Giselle (delectable Amy Adams) is a princess ejected from her magic kingdom by a curse from her evil potential mother-in-law (Susan Sarandon) in the inspired Disney fairy-tale mash-up Enchanted. And when the heroine pops up in New York City, dazed by her transformation from animated cartoon girl to live-action beauty, she’s put up for the night by a stranger, a harried divorce lawyer (Patrick Dempsey). But there’s a hygiene problem. He’s the distracted single parent to a little girl (Rachel Covey), his girlfriend (Idina Menzel) is on his case for more commitment — and with no time to clean, his apartment is a mess. So Giselle does what any classically trained, sweet-natured Disney heroine would do: With a lilting yodel, she summons her charmed animal friends to help her tidy up, and they sing, sing, sing while they toil. Of course, this being New York, the wildlife workforce consists of rats, pigeons, mice, and well-organized cockroaches.
The hilarious ”Happy Working Song ” production number, with music and lyrics by Alan Menken and Stephen Schwartz, encapsulates the joys of Enchanted — an unironic affection for classic Disney fairy tales of old, salted with modern smarts about how the non-Disney world really works for single parents, kids, working women, divorce lawyers, and cockroaches. Somewhere deep in the movie’s genetic structure is a chromosome or two of Rocky and Bullwinkle’s bi-level wit mixed in with the DNA of Mary Poppins. The resourceful heroine is soul sister to Cinderella, Sleeping Beauty, and Snow White, and as such she comes accessorized with a handsome fairy-tale prince (Hairspray’s James Marsden, wonderfully earnest, and therefore charming, as a princely dolt). But New York works its own magic on Giselle — and so does Lawyer McDreamy.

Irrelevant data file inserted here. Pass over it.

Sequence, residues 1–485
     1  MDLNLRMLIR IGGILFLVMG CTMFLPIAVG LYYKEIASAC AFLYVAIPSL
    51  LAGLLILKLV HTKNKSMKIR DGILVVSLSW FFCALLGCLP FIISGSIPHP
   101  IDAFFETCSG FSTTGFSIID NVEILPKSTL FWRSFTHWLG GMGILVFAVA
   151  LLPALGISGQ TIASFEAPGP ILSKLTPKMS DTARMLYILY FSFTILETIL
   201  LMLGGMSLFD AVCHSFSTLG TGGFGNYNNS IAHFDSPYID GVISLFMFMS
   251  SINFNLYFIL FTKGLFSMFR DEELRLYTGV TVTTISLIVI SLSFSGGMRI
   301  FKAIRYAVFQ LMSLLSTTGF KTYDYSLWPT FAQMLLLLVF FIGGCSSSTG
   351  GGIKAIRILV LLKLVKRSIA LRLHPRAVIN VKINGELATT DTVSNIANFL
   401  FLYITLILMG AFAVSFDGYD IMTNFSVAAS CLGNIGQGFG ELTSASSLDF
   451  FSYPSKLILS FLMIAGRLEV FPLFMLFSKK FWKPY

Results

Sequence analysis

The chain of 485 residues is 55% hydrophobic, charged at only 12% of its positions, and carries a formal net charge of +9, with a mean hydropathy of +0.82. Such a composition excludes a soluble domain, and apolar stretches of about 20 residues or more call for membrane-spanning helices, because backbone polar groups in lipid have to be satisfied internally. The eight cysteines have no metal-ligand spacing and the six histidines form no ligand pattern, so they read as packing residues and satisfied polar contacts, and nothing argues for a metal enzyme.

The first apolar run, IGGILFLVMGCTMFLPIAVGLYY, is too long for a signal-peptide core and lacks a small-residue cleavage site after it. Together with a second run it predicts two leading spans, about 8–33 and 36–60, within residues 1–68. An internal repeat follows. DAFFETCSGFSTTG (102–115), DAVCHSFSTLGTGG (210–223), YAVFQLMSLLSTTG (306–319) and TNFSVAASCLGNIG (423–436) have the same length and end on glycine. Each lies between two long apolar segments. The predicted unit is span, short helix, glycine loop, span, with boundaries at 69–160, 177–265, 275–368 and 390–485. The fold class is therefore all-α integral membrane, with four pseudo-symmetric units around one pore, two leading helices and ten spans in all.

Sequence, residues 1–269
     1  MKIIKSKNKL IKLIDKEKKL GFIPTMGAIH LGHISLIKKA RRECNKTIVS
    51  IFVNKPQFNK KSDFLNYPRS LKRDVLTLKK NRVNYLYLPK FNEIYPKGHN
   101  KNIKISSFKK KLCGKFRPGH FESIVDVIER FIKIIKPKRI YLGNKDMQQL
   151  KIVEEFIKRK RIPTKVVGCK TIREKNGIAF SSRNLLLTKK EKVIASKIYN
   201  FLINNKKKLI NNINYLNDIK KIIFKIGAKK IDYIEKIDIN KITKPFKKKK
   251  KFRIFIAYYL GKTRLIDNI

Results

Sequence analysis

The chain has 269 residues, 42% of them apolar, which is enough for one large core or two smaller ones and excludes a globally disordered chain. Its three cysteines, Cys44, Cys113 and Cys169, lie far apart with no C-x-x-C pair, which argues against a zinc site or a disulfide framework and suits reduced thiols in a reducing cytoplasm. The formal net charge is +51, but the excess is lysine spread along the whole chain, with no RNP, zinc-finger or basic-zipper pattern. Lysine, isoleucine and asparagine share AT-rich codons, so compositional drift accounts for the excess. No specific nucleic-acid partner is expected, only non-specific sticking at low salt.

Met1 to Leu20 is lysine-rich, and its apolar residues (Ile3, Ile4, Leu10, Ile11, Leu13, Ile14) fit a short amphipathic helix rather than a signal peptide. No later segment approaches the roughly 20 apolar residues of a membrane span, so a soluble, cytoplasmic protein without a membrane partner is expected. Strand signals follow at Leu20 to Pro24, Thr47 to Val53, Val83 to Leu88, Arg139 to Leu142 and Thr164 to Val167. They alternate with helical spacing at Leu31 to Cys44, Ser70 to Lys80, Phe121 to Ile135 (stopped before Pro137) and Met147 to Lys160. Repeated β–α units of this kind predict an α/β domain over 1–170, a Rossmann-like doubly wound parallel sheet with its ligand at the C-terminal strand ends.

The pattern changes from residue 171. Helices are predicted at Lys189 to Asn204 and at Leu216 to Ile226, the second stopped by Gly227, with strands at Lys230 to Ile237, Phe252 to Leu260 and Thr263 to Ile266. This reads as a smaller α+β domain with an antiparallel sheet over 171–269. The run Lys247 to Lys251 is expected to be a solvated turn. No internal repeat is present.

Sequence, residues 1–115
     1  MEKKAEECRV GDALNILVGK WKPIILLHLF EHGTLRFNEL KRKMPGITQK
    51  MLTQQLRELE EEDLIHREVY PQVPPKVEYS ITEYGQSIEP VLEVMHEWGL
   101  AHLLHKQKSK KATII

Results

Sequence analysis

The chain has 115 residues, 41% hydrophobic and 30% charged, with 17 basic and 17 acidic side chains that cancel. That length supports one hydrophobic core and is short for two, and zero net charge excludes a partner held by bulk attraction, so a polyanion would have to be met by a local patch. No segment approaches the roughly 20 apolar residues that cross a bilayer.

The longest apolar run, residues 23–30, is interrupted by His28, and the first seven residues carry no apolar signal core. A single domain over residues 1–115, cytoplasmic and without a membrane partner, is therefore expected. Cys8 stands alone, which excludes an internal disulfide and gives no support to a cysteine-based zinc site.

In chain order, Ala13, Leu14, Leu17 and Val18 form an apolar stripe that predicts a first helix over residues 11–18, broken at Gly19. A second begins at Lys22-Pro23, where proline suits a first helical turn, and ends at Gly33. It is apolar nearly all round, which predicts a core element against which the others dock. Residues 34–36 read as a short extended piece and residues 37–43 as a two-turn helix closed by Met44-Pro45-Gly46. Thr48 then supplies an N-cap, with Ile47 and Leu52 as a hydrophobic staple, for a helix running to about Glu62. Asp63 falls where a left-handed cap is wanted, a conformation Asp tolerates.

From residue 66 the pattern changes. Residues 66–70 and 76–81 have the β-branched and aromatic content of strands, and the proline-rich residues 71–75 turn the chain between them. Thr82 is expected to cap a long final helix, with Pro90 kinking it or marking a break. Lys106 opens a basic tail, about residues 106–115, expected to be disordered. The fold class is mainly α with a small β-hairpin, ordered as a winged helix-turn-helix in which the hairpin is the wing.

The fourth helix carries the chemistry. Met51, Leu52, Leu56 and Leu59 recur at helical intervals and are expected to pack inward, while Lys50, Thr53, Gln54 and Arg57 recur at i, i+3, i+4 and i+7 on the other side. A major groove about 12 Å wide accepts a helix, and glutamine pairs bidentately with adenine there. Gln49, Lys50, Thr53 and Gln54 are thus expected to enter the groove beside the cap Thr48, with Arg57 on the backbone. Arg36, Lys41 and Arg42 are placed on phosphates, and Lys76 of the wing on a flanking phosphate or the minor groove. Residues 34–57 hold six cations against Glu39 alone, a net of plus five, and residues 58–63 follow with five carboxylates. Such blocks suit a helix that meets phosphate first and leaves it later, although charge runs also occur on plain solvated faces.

Enchanted is festooned with extravagant set pieces — there’s a great number in praise of romantic gestures, and a ballroom scene to make even grown-up girls swoon. So I hope no one thinks me a mean stepsister when I say that the movie is also one baggy final act too long, as Sarandon’s whole evil-older-woman subplot climaxes with a technically showy but really dragging chase and rescue sequence of a King Kong kind. An old queen ought to know when to step aside and let the next Disney generation claim the crown. B+